Humans catch toxoplasmosis from cats most commonly by ingesting cysts from contaminated feces. Always wash your hands after cleaning the kitty litter. Symptoms of toxoplasmosis in humans include:
- Muscle pain
Mice are also carriers of disease that can impact humans and cats alike. One prime example is Yersinia pestis. This is colloquially known as plague bacteria.
Cats can contract the bacterium by eating an infected mouse. People can become infected if the cat has fleas. Symptoms of Yersinia pestis in cats and humans are actually quite similar and include:
- Sore muscles
- Swollen lymph glands
- Oral lesions
- Weight loss
- Loss of appetite
Leptospirosis and hantavirus are two further serious illnesses that can be carried by rodents and contracted by cats and humans. To get leptospirosis, you need only come into contact with an infected mouse that your cat has killed. You’ll experience flu symptoms if you do. Hantavirus is contracted in the same manner, as cats don’t pass the virus directly to humans.
Tularaemia is rare but contagious and potentially fatal. It can be transmitted through contact, contaminated water, and even by air. You don’t even have to touch an infected mouse; your cat can pass the bacteria along by touch. Symptoms in humans include:
- Chest pain
- Breathing difficulties
- Swollen lymph glands
- Swollen eyes
Rodents are known carriers of internal parasites. The environments that they live in put them in close proximity with these invaders. At times, even touching a mouse will let the parasites jump to a new host.
Cats can also contract a parasite through eating an infection mouse. A number of internal parasites will be able to survive the digestive acids in your cat’s stomach. From there, they’ll go on to make themselves right at home. The most invasive kind will include:
It is recommended to stay up to date with your cat’s worming if it hunts mice. Symptoms of internal parasites in cats include:
- Visible cysts or worms in the feces
- Weight loss
- Butt dragging
Fleas are a troublesome problem that almost every pet owner has to deal with at some point in time. Mice can carry fleas, and it doesn’t take much for cross-contamination to happen.
Fleas will leave their dead host once the body begins to cool. They will seek out the nearest available host, which will usually be your cat. All it takes is a couple of fleas to start an infestation. The cat doesn’t have to eat the mouse, either. It merely needs to be close to the corpse.
Cats don’t always eat what they kill. They may gift it to you or play with it. In that time, the fleas have plenty of opportunities to jump ship.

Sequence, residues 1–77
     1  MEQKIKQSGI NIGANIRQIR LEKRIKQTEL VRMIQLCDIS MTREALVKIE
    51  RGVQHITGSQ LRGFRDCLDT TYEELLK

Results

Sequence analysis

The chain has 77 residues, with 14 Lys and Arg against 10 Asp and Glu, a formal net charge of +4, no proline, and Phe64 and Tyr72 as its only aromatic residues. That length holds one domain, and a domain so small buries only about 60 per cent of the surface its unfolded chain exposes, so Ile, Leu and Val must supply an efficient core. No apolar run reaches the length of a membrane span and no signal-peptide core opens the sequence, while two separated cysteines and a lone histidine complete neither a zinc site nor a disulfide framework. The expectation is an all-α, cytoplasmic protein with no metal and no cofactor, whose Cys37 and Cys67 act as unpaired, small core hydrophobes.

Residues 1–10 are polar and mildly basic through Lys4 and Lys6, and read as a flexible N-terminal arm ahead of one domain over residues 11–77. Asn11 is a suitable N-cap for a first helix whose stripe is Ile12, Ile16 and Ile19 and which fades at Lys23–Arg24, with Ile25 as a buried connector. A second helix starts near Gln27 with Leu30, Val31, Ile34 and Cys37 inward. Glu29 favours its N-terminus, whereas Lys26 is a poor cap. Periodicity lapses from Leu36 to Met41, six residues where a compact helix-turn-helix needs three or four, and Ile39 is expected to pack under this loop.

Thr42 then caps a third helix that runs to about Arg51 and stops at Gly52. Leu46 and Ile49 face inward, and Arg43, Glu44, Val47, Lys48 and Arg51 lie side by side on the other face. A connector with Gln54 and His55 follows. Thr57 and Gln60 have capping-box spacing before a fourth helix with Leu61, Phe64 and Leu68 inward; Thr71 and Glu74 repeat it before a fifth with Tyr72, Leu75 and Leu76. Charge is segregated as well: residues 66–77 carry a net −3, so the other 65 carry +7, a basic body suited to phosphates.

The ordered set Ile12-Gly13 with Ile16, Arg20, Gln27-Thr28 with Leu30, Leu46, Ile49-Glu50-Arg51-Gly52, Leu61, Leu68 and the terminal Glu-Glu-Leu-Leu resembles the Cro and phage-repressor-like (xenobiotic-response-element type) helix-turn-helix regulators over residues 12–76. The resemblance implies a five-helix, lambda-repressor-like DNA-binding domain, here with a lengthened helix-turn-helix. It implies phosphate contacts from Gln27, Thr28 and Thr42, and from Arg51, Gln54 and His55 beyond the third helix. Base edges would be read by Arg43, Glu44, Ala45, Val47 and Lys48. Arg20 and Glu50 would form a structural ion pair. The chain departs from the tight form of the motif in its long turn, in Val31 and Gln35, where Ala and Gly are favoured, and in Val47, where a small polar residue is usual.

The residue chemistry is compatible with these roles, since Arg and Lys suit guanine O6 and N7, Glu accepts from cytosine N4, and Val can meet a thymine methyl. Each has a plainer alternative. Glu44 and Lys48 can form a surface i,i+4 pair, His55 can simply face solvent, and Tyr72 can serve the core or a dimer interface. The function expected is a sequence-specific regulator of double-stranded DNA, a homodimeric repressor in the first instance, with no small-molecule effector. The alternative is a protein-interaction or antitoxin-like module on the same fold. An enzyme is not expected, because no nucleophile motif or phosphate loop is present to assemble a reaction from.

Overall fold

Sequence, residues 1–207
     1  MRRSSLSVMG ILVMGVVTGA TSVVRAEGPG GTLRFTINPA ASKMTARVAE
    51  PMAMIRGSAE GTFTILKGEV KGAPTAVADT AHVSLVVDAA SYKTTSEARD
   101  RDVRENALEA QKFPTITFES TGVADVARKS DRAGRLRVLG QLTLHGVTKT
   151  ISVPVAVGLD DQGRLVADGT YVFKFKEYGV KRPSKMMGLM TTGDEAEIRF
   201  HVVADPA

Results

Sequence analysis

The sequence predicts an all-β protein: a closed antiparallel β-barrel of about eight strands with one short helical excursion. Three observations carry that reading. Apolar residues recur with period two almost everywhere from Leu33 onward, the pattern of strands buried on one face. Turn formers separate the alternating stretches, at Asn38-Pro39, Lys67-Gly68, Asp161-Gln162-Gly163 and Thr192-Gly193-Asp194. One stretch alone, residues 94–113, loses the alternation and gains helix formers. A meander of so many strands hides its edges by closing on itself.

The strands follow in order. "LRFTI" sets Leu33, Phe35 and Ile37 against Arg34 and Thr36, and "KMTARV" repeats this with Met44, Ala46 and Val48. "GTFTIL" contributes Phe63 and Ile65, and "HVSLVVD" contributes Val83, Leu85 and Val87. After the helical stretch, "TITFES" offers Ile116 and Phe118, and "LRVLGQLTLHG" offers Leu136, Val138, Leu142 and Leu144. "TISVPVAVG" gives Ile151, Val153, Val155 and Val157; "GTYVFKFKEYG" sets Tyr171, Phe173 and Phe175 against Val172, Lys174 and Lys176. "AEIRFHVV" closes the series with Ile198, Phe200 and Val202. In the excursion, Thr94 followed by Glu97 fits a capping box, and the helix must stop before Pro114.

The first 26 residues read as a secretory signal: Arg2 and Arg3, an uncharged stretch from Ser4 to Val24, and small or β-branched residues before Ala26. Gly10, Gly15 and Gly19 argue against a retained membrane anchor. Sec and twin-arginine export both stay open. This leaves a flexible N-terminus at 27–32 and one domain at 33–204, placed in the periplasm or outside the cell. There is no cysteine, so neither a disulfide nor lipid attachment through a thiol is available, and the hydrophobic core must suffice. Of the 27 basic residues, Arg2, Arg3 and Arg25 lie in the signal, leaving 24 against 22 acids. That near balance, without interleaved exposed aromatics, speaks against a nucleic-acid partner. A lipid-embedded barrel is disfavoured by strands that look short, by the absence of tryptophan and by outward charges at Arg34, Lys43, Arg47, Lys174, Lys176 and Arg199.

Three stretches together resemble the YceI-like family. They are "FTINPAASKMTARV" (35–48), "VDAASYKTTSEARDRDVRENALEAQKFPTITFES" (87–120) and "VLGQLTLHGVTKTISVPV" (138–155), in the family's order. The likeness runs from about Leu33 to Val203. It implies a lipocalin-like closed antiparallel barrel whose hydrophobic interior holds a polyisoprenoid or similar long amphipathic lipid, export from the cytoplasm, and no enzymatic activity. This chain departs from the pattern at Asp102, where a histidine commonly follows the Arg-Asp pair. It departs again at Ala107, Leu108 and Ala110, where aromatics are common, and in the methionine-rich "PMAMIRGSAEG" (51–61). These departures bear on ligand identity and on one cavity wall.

Can Cats Get Rabies From Eating Mice?
Mice are not known for being carriers of the rabies virus. Likewise, cats are not known for catching rabies from eating or being in close contact with rabies. Despite that, it’s important to stay up to date with your cat’s vaccinations. In rare cases, it does happen.
Did My Cat Eat Mouse Poison?
There is no way to tell if mice are poisoned without laboratory testing. As such, you should remove the prey, dispose of it, and watch out for any symptoms of poisoning. Mouse poison is aggressive and fast-acting in cats. Even secondary poisoning can be deadly, with symptoms like:
- Bloody urine and/or feces
- Breathing difficulties
- Bleeding from the nose
- Excessive drooling
- Excessive drinking
- Usual or violent behavior
- Poor balance
- Kidney failure
If you don’t act soon after the appearance of these symptoms, your cat has a good chance of dying. Sadly, if your otherwise healthy cat has suddenly died, it may have ingested poison. It can take anywhere between a few hours and a few days for a lethal dose to kill a cat.
What To Do If Your Cat Eats A Mouse
There are times when our cats are devious little felines and hide their kills from us. As such, by the time you discover the mouse, it’s already mostly eaten. This can inspire a moment of panic, especially if you know mouse bait has been laid in the area. Your first step should be to dispose of the mouse. Here’s how:
- Ensure the cat is in a separate room and can’t see you dispose of the mouse.
- Wear gloves or invert a plastic bag over your hand to avoid direct contact.
- Put the mouse inside a plastic bag and place it in the trash.
- Don’t forget to disinfect the area where you found it if it was found inside too.
Find and examine your cat for any of the symptoms. If any are present, ask your vet how to proceed. Even in very mild poisoning cases, your vet will likely recommend bringing the cat in for supportive therapies and detox.
Should Cats Eat Mice?
Cats may be good hunters, but we shouldn’t let them eat what they kill. Mice are often carriers of disease, parasites, and bacteria. All of these can easily be transmitted to the cat when it ingests the mouse.
There is also the risk of secondary poisoning. Even if you don’t use pesticides, your neighbors might. If your cat eats a poisoned mouse, it can become very sick in a matter of hours. It may even die without a vet’s intervention.